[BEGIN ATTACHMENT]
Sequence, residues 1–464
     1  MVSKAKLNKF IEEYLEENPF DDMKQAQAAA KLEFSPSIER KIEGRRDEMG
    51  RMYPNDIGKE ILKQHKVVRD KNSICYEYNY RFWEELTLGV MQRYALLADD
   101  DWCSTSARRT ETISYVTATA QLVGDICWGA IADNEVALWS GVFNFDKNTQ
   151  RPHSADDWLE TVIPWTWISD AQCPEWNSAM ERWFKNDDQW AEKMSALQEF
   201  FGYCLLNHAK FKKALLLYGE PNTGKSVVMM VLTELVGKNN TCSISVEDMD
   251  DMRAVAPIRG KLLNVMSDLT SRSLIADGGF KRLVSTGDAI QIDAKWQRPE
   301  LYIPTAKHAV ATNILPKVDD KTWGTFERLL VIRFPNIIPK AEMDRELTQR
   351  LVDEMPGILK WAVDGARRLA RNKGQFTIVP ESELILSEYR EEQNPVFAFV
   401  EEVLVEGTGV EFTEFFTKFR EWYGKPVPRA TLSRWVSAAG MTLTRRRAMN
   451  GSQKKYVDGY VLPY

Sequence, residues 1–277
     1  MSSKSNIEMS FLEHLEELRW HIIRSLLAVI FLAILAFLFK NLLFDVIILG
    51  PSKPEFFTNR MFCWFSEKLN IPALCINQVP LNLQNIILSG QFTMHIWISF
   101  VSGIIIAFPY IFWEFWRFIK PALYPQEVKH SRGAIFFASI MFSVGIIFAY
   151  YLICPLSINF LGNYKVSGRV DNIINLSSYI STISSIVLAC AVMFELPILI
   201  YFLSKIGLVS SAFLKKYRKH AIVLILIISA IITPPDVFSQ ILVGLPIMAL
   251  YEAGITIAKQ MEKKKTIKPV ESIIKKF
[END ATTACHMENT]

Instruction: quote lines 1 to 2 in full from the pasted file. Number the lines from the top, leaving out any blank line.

Sequence, residues 1–464
     1  MVSKAKLNKF IEEYLEENPF DDMKQAQAAA KLEFSPSIER KIEGRRDEMG